A liberal federal appeals court panel has issued a stay of a lower court ruling against an admission policy designed to reduce the number of Asians at an elite school, in order to increase the number of blacks and Hispanics. The panel voted along party lines to block a trial judge’s injunction against the admissions policy, until the appeals court can rule on the merits of the admissions policy, which a trial judge found violated the Constitution’s equal protection clause.
On Thursday, the Fourth Circuit Court of Appeals voted 2-to-1 to stay a trial court ruling against a new admissions policy at the Thomas Jefferson High School for Science and Technology, in Virginia’s liberal Fairfax County. The new admissions policy was not explicitly discriminatory. But it had a discriminatory motive. Senior trial Judge Claude Hilton ruled that it was unconstitutional because it was adopted for the purpose of promoting “racial balancing” and, in the process, discriminating against Asian Americans. (George Mason University law professor Ilya Somin approvingly discussed Judge Hilton’s decision and the basis for his ruling at this link.)
The divided Fourth Circuit panel effectively disregards this this discriminatory motivation in its March 31 ruling. The stay issued by the ruling means the new admissions policy will go into effect for this year’s admissions process. It also signals that the liberal-dominated Fourth Circuit Court of Appeals will probably uphold the policy when it decides the case on the merits in a few months. The liberal majority did not explain its ruling. But Biden-appointee Judge Toby Heytens did issue a concurring opinion, which explains his flawed reasoning. In it, Judge Heytens ignores the fact that Asians, just like blacks and Hispanics, are a minority group, and that an intent to harm any racial group (not just blacks) triggers strict scrutiny under the Constitution:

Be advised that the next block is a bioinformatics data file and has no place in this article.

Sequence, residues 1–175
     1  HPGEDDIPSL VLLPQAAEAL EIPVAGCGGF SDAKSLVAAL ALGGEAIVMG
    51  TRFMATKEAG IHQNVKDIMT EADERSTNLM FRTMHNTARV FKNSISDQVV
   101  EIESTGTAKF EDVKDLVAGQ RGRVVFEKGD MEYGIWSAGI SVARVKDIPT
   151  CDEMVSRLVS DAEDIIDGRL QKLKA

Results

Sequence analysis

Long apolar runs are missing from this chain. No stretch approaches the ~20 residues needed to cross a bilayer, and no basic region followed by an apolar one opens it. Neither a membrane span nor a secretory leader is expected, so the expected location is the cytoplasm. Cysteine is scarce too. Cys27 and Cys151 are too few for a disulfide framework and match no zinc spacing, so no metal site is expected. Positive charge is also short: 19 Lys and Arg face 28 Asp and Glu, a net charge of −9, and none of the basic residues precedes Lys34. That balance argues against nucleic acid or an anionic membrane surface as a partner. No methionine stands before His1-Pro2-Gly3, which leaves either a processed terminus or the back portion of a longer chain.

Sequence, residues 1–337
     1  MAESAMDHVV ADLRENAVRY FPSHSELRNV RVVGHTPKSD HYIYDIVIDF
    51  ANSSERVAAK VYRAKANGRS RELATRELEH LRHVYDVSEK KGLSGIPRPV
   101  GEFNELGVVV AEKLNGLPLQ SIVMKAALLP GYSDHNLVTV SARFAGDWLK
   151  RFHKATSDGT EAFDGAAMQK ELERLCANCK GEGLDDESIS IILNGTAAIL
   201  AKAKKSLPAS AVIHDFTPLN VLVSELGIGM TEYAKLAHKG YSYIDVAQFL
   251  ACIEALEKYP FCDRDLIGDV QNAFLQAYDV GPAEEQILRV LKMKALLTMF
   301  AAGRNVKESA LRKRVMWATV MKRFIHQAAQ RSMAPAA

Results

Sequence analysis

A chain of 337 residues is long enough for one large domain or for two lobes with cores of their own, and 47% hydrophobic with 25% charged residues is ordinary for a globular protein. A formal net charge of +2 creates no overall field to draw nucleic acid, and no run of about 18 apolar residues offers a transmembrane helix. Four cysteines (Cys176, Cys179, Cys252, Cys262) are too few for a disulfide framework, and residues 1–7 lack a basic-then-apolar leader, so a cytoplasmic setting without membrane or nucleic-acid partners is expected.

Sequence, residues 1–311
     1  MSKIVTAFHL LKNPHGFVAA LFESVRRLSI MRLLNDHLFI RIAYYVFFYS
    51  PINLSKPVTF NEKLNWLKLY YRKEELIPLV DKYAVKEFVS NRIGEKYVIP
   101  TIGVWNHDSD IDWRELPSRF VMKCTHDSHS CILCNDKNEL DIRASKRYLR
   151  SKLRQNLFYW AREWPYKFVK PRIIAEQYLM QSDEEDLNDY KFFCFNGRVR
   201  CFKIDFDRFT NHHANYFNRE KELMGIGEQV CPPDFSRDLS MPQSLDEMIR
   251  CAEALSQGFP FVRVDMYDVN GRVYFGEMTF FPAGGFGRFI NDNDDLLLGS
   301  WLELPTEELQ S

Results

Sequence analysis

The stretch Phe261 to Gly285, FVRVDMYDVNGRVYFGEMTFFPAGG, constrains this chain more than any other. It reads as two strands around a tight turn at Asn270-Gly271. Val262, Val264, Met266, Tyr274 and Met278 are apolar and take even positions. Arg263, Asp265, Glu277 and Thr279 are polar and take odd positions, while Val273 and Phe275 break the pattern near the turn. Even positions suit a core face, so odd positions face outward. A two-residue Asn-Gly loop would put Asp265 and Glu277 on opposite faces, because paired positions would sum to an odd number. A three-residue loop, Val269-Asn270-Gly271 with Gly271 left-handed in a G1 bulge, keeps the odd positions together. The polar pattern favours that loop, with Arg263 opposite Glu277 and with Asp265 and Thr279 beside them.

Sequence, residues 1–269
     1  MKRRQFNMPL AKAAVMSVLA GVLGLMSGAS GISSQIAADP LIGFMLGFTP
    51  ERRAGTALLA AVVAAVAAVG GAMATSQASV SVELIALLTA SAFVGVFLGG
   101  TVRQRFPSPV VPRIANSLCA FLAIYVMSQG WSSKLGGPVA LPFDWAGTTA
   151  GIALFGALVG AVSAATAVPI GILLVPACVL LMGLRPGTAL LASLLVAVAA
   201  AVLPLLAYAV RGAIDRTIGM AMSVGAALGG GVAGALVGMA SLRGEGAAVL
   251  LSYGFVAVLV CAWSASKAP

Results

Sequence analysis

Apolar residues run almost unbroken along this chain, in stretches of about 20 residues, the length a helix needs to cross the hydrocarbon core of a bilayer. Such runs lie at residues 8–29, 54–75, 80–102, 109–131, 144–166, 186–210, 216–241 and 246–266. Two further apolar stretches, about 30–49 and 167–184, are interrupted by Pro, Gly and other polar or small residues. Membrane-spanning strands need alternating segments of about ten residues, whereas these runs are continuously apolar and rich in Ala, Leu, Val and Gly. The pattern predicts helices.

I… am skeptical of the district court’s conclusion that there is no genuine issue of material fact implicated by its conclusion that the Board adopted the current admissions policy for a constitutionally impermissible purpose…. The centerpiece of the district court’s analysis on this point is its statement that “the Board’s policy was designed to increase Black and Hispanic enrollment, which would, by necessity, decrease the representation of Asian-Americans at TJ.”…. (emphasis added).